Director George Nolfi’s “The Banker” is an undeniably entertaining historical footnote. Still, it suffers from an exposition-heavy narrative about the ins and out of local financial institutions in the Civil Rights era America.

“The Banker” is based on the true story of Bernard Garrett and Joseph Morris, who became two of the first African Americans to own a bank in the 1960s. Their goal was to grant mortgages to African Americans, who might buy houses in white neighborhoods. And if you believe this movie, Garrett and Morris engaged in a bit of subterfuge to execute their plan.

Anthony Mackie plays Garrett. Mackie is the charismatic action star who inherited Captain America’s shield in “Avengers: Endgame.” But as he’s proven over and over in films like 2008’s “The Hurt Locker” and working with director Nolfi in 2011’s “The Adjustment Bureau,” Mackie is ready to lead a picture. As Garrett, he infuses his character with a simmering frustration. Garrett’s frustrated because he’s a black man in the 1960s gifted with an innate talent for numbers. While Garrett’s a long, tall, cool customer, there’s a man of math and substance underneath his intimidating physical presence.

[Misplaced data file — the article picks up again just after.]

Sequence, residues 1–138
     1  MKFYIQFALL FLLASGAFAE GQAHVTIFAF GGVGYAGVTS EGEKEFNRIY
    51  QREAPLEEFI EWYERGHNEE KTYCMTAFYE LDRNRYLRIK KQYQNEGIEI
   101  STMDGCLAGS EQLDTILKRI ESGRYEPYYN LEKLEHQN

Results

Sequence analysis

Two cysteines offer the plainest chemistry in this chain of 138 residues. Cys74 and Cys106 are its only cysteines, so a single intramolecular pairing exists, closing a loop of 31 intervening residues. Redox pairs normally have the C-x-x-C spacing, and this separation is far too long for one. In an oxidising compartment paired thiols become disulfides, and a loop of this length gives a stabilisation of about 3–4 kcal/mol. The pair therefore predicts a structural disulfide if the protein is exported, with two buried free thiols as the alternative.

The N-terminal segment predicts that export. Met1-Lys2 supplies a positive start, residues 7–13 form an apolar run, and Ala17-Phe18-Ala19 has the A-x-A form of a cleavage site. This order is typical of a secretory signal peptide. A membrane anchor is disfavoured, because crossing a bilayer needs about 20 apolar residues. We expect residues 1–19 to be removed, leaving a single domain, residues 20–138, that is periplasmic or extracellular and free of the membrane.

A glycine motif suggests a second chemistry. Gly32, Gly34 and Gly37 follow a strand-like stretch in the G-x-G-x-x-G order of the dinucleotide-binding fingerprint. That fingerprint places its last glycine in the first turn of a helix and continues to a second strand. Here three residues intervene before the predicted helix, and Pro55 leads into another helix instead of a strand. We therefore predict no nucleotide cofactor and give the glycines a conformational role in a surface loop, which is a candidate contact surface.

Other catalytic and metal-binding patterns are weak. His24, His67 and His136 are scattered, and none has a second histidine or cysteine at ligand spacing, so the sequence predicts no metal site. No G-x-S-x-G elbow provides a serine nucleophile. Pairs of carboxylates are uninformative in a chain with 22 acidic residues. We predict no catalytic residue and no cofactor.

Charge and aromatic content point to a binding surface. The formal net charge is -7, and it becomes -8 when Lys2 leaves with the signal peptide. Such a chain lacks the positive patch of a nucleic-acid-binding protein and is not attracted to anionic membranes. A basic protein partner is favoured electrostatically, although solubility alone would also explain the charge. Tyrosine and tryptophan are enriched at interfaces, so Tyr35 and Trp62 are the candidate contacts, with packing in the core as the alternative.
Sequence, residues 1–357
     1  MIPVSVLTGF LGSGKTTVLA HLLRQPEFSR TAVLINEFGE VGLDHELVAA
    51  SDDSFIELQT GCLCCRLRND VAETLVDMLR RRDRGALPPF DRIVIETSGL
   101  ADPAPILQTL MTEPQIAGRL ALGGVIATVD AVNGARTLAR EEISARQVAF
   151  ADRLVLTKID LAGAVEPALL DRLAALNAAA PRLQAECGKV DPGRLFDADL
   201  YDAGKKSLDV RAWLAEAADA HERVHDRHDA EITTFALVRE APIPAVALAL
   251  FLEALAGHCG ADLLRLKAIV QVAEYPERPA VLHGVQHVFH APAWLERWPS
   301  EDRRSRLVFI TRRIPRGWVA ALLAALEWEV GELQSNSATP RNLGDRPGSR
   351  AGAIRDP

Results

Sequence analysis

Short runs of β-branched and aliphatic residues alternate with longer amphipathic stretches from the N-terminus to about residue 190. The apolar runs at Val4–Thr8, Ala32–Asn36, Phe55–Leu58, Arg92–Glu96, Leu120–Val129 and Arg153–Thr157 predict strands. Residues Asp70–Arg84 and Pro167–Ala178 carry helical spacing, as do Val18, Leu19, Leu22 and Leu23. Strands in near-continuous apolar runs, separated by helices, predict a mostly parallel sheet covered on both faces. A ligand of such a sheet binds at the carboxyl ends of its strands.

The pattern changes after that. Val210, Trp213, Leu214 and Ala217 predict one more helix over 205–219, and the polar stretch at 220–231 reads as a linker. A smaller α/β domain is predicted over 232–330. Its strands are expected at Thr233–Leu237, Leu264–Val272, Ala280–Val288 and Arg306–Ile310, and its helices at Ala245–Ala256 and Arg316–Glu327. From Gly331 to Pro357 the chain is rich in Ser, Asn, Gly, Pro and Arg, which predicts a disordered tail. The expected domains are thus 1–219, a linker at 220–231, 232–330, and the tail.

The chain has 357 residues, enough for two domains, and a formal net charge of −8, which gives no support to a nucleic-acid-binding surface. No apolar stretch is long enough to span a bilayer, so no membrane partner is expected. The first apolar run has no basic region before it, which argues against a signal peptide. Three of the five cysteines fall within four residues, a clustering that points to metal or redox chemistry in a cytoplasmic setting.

Anthony Mackie and Samuel L. Jackson make a good team in “The Banker.”

Garrett reluctantly takes on the flashy California nightclub owner Morris (Samuel L. Jackson) as his partner. Morris is a consummate bachelor, a playboy, everything that Garrett has rejected. But to break into the Los Angeles real estate game, Garrett has to swallow his self-righteous pride and go into business with the flashy philanderer. Ironically, both men share a collective intellect, numbers in different types of businesses, but those numbers always add up to the same color: green.

After finding success in purchasing apartment and office buildings in California, Garrett sets his sights on expanding his empire and giving opportunities to people of color. He wants to go home to Texas and buy a local bank and change their business model. But Morris reminds him of the major stumbling block: it’s the 1960s, and they are black. But where there’s a will, there’s a way, and the two men employ a friendly white worker named Matt (Nicholas Hoult) to front for them.

And by schooling Matt, they can rise in the world of banking. But can they maintain the ruse?

Read Jonathan’s full review online and in print in Times-Herald: